The Naval Commands most likely to face the invasion were Nore, Dover and Portsmouth. The Operational Plan for Nore Command to counter the invasion threat is particularly detailed.
Left: Naval and Coastal Command Areas
Nore Command (Operational Order “P.E” or in short “Purge” – Aug 26th 1940)
Striking forces available to Nore Command included destroyer flotillas at Humber, Harwich and Sheerness. Motor torpedo boats were based at Felixstowe. Intermittent destroyer night patrols were operated off the Humber, off the Suffolk coast and off Margate. Minesweeping flotillas would keep the searched channels clear and at night patrol to prevent mine laying. Auxiliary patrols operated about five miles from land, from Flamborough Head to the River Crouch and from Whitstable to North Foreland. Vital to Nore Command’s success would be fighter support – the primary role of Fighter Command would have to be to destroy bombers and dive-bombers attempting to attack the vessels of Nore Command.
The first role of the Navy was to destroy the enemy tanks and troops before they could get ashore. As tanks posed the greatest threat, tank transports were to be the first priority. Enemy escorts were to be ignored unless they needed to be engaged first to get at the transports. The general instruction was “no Captain can do very wrong if he engages enemy transports at close range” – an obvious play on Nelson’s Trafalgar memorandum of Oct 9th 1805 when he wrote “….no Captain can do very wrong if he places his ship alongside that of an enemy”.
If an indication of a landing was received the warning “Stand by “Purge” (location)” would be issued. If a landing was in progress the signal “Carry out Operation “Purge”” would be issued. On receipt of the signal all vessels in the threatened area would proceed immediately to the attack.
Locations in respect of this signal were: Area I – North of Flamborough Head; Area II – Flamborough Head to Skegness; Area III – Skegness to Brancaster; Area IV – Brancaster to Lowestoft; Area V – Lowestoft to Brightlingsea; Area VI- Foulness to Shoebury; Area VII – Nore; Area VIII – Sheppy to Thanet; Area IX – Dover.
Cruisers, destroyers and motor torpedo boats would at first be under command of C.I.C Nore Command but it was expected that when the enemy was engaged it would be down to the initiative of local commanders. Auxiliary patrol vessels would be under the command of Flag and senior officers in command of the area. Additional support would be provided by convoy escorts if the convoy was within 30 to 40 miles of the position in which the enemy was reported. Any units at sea and not in contact with the enemy, and if no specific orders were received, were expected to ‘March to the sound of the Guns’ i.e. head to the nearest area in which the enemy were known to be attempting a landing.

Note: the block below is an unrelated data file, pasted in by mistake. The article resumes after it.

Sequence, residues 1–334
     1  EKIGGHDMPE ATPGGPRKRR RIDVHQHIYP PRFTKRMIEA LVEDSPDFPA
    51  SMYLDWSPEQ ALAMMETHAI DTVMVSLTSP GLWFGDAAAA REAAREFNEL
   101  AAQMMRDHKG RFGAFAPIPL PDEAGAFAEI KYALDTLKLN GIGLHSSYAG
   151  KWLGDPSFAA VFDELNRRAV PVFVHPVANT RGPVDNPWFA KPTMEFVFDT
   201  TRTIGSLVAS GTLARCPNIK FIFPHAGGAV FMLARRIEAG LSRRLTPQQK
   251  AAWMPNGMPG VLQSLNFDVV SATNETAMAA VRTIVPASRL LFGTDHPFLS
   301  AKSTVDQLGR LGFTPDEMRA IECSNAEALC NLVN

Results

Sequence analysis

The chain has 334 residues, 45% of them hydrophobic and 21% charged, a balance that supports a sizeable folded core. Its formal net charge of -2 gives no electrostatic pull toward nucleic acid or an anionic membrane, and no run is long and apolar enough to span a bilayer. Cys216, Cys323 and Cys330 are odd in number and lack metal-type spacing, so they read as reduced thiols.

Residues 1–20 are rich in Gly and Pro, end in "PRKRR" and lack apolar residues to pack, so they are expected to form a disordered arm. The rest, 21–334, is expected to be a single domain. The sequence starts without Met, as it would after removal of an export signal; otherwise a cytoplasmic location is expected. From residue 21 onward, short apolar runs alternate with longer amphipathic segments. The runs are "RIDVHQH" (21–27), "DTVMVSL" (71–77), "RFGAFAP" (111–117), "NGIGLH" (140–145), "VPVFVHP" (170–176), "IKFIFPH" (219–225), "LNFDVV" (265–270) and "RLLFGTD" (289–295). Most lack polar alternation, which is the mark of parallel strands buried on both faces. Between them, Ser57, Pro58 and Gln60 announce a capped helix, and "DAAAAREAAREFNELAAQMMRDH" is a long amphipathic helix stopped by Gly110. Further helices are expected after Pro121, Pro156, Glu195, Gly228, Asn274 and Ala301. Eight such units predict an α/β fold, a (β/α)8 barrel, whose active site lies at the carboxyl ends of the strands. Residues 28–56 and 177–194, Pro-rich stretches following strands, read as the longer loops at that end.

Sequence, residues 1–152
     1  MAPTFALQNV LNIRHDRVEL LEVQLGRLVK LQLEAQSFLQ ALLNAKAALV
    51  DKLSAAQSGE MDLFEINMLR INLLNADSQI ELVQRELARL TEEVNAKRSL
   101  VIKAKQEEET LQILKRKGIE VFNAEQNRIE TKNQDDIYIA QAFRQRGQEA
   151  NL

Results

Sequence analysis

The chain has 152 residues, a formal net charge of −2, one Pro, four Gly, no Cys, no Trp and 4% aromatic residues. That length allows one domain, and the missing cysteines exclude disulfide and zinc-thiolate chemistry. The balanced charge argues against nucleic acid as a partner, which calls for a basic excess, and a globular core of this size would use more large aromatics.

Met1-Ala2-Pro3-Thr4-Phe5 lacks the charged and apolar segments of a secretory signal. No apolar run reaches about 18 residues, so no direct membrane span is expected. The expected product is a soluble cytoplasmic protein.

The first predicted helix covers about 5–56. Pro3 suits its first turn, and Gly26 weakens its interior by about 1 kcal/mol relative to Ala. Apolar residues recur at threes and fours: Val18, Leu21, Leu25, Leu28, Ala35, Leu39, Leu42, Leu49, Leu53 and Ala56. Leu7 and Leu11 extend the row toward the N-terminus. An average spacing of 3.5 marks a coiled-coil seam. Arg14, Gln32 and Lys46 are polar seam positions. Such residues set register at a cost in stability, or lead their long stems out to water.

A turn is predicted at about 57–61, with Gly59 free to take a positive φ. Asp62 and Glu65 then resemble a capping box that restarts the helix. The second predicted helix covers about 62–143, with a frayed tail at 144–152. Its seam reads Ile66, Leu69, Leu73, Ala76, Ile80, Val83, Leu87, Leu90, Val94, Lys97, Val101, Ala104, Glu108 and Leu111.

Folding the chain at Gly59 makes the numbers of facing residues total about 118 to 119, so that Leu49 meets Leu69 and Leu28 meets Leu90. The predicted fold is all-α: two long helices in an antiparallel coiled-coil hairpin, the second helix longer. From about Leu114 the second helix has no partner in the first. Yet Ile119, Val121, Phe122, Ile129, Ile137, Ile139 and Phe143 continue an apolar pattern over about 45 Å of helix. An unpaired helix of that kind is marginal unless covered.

If ships ran short of fuel or ammunition they were to return to the most convenient port to replenish and then set to sea again to engage the enemy. This would be critical if the enemy invasion fleet numbered hundreds of steamers and perhaps thousands of barges – a quick turn around would be vital. If enemy ships entered an estuary or harbour, ships were to follow and destroy them. If a destroyer or larger ship was mined or torpedoed it was up to the smaller vessels to pick up survivors – on no account were destroyers to stop to help if this would delay its attack on the enemy.
It was expected that ports in Nore Command should carry out regular exercises to test “Operation Purge” – a rapid sweep of the exit channel then get all vessels out to sea as soon as possible.
Instructions for destroyers: